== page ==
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Spending More On Bariatric Surgery Could Save Millions



I am not a bariatric surgeon. My main clinical interest is in the prevention of obesity related chronic diseases.

I believe strongly that timely psychosocial and medical interventions can help most people successfully manage their weight problem – at a minimum, conservative treatment can help patients at least stop the weight gain.

Unfortunately, this is so far no more than a “belief”. Data from “conservative” weight management interventions pale in comparison to the often spectacular success of surgical treatments.

Not that surgery is the easy way out – patients have to work hard to make surgery work for them – but at least for most people, results are vastly better (and far more likely) than with non-surgical treatments.

So should we be doing more bariatric surgery?

According to a report (Shedding the pounds “Obesity management, NICE guidance and bariatric surgery in England”) released last week by the UK Office of Health Economics, an independent research body, a big increase in bariatric surgery among people who meet the current criteria would pay for itself in one year, by enabling many of them to return to paid employment.

According to this report, around one million people in England currently meet the criteria for bariatric surgery recommended by the National Institute for Health and Clinical Excellence, of whom only 5 to 10 % may actually be eligible for surgery.

If just 5% of eligible patients were to receive bariatric surgery the net gain to the UK economy within three years could be £382m.

Critics of the report point out that it was commissioned by the Royal College of Surgeons of England together with the National Obesity Forum and Allergan and Covidien, companies that make products for obesity surgery.

Critics also note that this money would be better spent on prevention efforts (though they don’t present any data showing that such efforts will actually prevent current costs of people who are already obese).

John Ashton, the chairman of the UK Public Health Association, is quoted in the British Medical Journal as raising the issue of opportunity cost of spending money on surgery that is then not available for other health services and conditions that are not preventable.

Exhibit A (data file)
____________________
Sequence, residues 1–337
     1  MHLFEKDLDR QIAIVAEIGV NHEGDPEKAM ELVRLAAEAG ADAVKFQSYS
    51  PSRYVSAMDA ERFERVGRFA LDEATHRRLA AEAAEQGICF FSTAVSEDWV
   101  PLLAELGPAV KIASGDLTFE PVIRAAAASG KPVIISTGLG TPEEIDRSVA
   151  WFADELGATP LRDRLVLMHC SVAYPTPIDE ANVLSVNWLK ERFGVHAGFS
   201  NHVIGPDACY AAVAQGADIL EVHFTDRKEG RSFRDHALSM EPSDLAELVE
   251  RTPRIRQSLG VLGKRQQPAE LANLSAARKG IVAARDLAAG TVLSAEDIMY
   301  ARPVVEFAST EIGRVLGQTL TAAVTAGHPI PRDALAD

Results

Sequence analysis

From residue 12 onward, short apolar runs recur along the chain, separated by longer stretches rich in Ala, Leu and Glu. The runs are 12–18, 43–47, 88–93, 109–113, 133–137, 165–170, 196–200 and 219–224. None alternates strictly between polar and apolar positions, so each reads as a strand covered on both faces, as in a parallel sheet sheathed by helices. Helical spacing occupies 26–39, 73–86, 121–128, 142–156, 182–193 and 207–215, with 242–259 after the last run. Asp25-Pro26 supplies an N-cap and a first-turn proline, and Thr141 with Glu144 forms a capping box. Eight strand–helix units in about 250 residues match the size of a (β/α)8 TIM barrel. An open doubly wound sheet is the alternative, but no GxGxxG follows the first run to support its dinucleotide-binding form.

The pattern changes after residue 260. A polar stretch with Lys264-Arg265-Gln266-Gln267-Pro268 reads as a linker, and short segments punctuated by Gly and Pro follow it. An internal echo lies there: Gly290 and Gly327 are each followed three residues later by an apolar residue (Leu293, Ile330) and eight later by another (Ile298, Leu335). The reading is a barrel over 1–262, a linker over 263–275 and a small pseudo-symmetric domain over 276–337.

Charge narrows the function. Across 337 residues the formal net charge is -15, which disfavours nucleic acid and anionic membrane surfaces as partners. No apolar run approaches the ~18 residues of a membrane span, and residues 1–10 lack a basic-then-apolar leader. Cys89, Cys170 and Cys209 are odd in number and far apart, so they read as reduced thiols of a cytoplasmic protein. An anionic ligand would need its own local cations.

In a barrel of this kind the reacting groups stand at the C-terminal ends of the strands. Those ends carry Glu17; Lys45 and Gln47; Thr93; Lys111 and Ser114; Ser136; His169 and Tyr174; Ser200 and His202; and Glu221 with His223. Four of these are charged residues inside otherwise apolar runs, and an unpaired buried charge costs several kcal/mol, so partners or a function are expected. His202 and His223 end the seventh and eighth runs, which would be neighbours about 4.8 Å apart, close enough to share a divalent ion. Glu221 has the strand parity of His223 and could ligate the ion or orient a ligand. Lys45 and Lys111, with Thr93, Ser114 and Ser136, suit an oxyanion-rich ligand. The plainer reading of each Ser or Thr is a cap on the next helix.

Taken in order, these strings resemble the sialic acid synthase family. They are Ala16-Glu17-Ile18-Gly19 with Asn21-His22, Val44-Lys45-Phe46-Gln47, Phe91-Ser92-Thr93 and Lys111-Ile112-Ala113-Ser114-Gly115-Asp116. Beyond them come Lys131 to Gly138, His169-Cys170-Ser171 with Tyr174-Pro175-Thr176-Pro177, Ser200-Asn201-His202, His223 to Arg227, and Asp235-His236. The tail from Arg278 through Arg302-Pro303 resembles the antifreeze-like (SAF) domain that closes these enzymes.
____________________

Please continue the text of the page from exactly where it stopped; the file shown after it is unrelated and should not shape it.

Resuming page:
This is a moot argument as, irrespective of whether or not obesity is preventable, not spending the money on surgery for those who already have the problem, will just mean spending more money on managing their many complications.

After all, the whole point of the report is to demonstrate that it is far cheaper to treat obesity than to not treat it.

As I have pointed out before, no health system can afford not to treat obesity – the longer we wait, the more it will cost.

AMS
Adelphi, MD

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McGauran A (2010). More obesity surgery in England would save money, economic analysis shows. BMJ (Clinical research ed.), 341 PMID: 20826523

1 Comment

  1. Is this the triage on which Canada’s linited medical resourses are allocated? ie Is the limiting of total medical costs per persom going to be what determines who gets what medical care and when?

    Will medical administrators have “cost to the medical system of not operating” as a factor in determining what procedures get funding, hospital space etc?

    If you have a medical problem which could be cured but if it isn’t there are no further costs other than your own suffering, are you out of luck because this lack of ongoing cost to the medical system continually bumps you to the end of the waiting list?

    This is an interesting problem for more than just bariatric surgery, however bariatric surgery of special concern because obesity is becoming epidemic.

    Providing bariatric surgery is like building more freeways to solve traffic problems.
    The number of cars/ obese patients will increase to fill, then surpass, any new capacity in the system.

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